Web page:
An inspection at Kettering General Hospital has found it has made significant improvements to patient safety and care.
The hospital was issued a warning notice by the Care Quality Commission in October 2016 after being placed into special measures.
A subsequent inspection in June found the hospital has met the requirements of the notice, but it will still be in special measures until a full inspection takes place this autumn when it could be regraded.
Interim chief executive Fiona Wise said: “We have worked hard and comprehensively to address the issues raised by the CQC and I think the report reflects that.
“For example we have reviewed and increased staffing levels in some areas, increased staff training where needed and addressed some estate issues – eg developing an improved mental health assessment room in A&E and adding to security on our children’s ward.
“We have also been working to improve our systems and processes to ensure potential concerns are properly highlighted and addressed at an early stage.”
The report published today (Thursday) found that effective risk management processes were now in place and that staff training in paediatric competencies had significantly improved.
Staff showed care and compassion towards patients and their families and patients told inspectors they had been treated with kindness, dignity, and respect.
It also says KGH has successfully addressed children’s services issues in both A&E and Skylark Ward.
Actions have included better risk processes, increased staffing, improved training, and additional CCTV and intercom security on Skylark Ward.
Director of nursing and quality Leanne Hackshall said: “The CQC found we now have strengthened processes for assessing and looking after children with mental health issues.
“We are working closely with our community health trust colleagues to look at the treatment and care pathways for these patients to ensure, where possible, they are not admitted to our children’s ward.”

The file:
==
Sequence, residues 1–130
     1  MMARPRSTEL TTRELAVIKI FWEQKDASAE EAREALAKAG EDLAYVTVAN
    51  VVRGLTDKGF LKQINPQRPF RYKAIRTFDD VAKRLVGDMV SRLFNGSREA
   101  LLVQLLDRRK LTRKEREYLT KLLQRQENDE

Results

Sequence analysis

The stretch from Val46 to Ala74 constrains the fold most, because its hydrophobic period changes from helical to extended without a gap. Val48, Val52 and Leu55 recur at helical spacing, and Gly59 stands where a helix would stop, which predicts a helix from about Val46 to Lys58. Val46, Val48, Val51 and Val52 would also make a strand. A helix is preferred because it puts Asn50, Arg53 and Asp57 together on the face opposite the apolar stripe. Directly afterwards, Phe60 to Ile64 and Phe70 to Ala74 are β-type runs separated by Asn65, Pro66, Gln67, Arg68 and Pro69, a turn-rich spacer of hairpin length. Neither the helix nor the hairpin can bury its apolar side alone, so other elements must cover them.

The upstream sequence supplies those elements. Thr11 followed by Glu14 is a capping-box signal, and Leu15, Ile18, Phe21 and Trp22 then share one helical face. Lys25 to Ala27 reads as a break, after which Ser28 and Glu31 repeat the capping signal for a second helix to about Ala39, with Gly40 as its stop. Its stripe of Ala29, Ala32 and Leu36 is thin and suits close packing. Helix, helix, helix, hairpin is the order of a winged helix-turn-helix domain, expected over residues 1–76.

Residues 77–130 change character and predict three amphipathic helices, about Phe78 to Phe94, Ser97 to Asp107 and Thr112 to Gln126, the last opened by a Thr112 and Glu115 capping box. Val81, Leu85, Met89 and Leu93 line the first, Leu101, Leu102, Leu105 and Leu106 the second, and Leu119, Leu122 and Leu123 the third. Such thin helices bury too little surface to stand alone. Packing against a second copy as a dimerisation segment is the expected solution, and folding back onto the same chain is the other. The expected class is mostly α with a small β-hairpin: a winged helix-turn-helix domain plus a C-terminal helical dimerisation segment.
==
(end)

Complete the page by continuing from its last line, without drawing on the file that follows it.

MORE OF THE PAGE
The inspection also found progress has been made in the percentage of patients admitted or discharged within four hours from the hospital’s A&E department.
The trust saw 83 per cent of patients admitted or discharged from A&E within four hours in 2016-2017 against the 95 per cent target.
That increased to 89.7 per cent in July 2017, but performance is not consistent and the hospital says it reflects continued high demand and difficulties in discharge putting pressure on both A&E and its wards.
KGH’s new chairman Alan Burns said: “Much progress has been made but further work is needed.
“For example the report shows that we have made progress in reducing long waits for operations for patients following an extensive waiting list improvement programme.
“But some of our waits are still unacceptable and we aim to reduce them much further and have put in additional resources, including extra theatre sessions and outpatient appointments, to achieve this.”
CQC’s chief inspector of hospitals, Prof Ted Baker, said there has been a ‘positive change in culture’ among staff.
He said: “Our inspectors found a number of improvements had been made at Kettering General Hospital NHS Foundation Trust since our last inspection, and staff are to be commended for this.
“We noted a positive change in culture among staff and leaders at the trust.
“Staff felt that communication from the trust wide team down to ward staff had improved.
“Patients arriving by ambulance or self-presenting to the emergency department reception now received a more timely initial time to clinical assessment.
“Previous concerns surrounding the number of patients waiting over 52 weeks for their treatment on the admitted and non-admitted referral to treatment pathways had improved. This had reduced from 413 to 182 patients waiting.
“As this was a focused inspection, we looked at the main areas of concern detailed in the warning notice that we had previously issued.
“We did not inspect all areas so therefore no core service was rated and the October 2016 inspection ratings remain in place.
“The trust still has some way to go on its improvement journey.
“There were a number of areas where action was still needed, particularly with regard to continuing the improvement in delays of triaging patients in A&E, as well as monitoring concerns surrounding protocols in Skylark ward at the community and mental health service.
“We have made it clear where we expect to see further improvement and the trust knows what it must do to address the issues we have highlighted.
“We will continue to monitor Kettering General Hospital NHS Foundation Trust and will return to check on its progress.”